Monday, December 27, 2004

Feast of St. John

Some visitors may believe that the blogger's habit of referring to himself in the third person -- a la your humble Contributor -- is of recent vintage. Such as: "Some people think that we should raise taxes. Bob Dole doesn't think so. Bob Dole will not raise your taxes."

In fact, it's a rather ancient device (even for ancient bloggers). Consider St. John the Evangelist, whose feast is today. In his Gospel, he referred to himself only as "the disciple Jesus loved" -- whence "the beloved Disciple". Much later, there was signed "your beloved brother", usually preceded by a request for money or some grandiose claim of superiority to his elder brother.

Thirty-two years ago today, brother John received his First Communion. Something weird that year -- early Seventies -- doesn't this usually come in May, with the girls in tiny veils and wedding dresses, and the boys scrubbed, pressed, combed, and presentable possibly for the last time until their own wedding? But, then, he was named for the beloved Disciple, and he was combed, well-behaved, and ready to receive.

Two years ago, he was out of the hospital, after having torn his thin-as-paper skin on Christmas Eve. How did it happen? Well, he was reaching for something that fell on the floor, and the drawer with the metal edge was open, and, while he was leaning over, his shoulder pressed on the wheelchair throttle, and he had just taken his painkiller-cocktail strong enough to kill a junkie.

That day, I had brought him communion. This office was granted a few years prior, when O'Brien asked if your humble Contributor would serve as a extraordinary eucharistic minister for the homebound, then lit his pipe waiting for an answer. Well, Father, that's like asking Kitty Kelly to write your authorized biography; that's like asking Boris Yeltsin to head up the Temperance League; that's like asking Dr. Ruth to take the cloth and give talks on abstinence. A slight, smoky chuckle from O'Brien. How about something direct and true: unworthy. "Ah, well, none of us are worthy, are we? So, then, you'll do it? Of course you will. Grand. Good man. We'll get you fixed you up with a pyx and a bit of an orientation. You'll do fine."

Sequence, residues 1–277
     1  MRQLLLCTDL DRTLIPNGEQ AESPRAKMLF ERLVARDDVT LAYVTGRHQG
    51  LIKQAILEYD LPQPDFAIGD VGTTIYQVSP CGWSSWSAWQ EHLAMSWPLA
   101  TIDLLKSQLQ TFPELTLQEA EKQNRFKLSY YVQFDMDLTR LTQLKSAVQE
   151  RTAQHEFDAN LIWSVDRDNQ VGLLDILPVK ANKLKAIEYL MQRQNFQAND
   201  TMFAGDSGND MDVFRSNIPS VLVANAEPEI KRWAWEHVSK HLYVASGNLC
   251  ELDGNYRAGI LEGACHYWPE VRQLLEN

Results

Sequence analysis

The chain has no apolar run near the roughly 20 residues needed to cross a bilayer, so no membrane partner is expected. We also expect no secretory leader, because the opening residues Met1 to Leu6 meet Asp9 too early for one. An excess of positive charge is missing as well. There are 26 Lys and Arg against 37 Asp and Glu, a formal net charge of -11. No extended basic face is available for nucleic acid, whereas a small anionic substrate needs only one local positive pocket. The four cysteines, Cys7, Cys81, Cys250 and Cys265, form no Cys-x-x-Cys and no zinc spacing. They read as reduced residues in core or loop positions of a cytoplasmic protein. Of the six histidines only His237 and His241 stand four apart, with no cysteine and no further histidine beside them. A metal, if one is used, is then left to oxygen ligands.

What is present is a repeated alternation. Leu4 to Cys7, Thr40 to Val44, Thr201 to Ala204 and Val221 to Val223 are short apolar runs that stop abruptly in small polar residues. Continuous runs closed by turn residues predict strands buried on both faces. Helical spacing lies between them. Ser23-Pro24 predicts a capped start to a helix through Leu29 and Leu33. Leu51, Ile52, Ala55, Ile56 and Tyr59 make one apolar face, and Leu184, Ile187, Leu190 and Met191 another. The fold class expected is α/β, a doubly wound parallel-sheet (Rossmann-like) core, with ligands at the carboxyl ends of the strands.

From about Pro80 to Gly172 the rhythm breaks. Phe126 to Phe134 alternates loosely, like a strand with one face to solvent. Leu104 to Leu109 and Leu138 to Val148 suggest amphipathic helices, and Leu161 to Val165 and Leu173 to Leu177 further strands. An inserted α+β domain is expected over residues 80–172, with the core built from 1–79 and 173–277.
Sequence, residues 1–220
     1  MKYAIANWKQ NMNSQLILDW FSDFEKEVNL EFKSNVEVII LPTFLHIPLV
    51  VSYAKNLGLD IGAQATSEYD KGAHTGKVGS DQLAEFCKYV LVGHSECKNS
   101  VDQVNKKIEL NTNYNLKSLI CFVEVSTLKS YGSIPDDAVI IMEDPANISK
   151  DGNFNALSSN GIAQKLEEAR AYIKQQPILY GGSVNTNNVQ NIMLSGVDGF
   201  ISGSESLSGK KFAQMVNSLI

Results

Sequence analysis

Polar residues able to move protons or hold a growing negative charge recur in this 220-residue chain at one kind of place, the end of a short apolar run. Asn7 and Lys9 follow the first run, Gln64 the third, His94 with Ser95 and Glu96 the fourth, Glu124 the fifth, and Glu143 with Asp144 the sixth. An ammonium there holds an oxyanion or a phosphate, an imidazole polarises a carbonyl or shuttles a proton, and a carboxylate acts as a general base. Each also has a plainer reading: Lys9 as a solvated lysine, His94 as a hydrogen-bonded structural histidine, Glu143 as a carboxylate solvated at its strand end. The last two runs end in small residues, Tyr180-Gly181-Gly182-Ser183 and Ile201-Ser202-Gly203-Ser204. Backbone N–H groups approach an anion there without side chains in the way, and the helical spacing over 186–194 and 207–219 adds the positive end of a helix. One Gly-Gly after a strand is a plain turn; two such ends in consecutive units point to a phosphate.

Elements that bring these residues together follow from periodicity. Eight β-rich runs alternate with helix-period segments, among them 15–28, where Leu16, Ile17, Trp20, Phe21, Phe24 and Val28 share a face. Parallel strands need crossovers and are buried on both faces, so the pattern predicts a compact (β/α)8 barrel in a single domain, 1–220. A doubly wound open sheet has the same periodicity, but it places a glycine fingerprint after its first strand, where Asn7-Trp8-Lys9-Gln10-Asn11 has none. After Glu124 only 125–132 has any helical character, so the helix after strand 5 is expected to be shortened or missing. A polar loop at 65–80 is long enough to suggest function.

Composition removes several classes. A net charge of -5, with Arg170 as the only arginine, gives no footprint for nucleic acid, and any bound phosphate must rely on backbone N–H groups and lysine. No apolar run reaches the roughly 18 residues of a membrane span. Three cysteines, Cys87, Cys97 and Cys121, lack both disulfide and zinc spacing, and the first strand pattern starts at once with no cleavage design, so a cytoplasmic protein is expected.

Beloved brother John was my last assignment, lasting just a few months: showing up on any given Sunday with the host. Search around for his copy of the abbreviated rite. Don't worry, we'll make another copy; just look on mine. Sign of the Cross. Confiteor. Lord's Prayer. Agnus Dei. "I am not worthy... but only say the word." Corpus Christi. Amen. Silence. Prayer for Health.

Then, after communicating, he'd crack open the café latté -- still hot (a long sniff before drinking); unwrap the Dutch apple bagel -- still warm (crumbs on the bedclothes); talk about th'old times and greater care in maneuvering the wheelchair.

Five weeks later, brother John had his Last Communion -- his viaticum. Not by me: Fr. Z came by the hospital. Friends and family dropping in. Some talk about life and death. Joking. Good nights. Lights out. Then, the phone call too early in the morning. Your beloved brother John.

"From his fullness we have all received."

(John 1:16)


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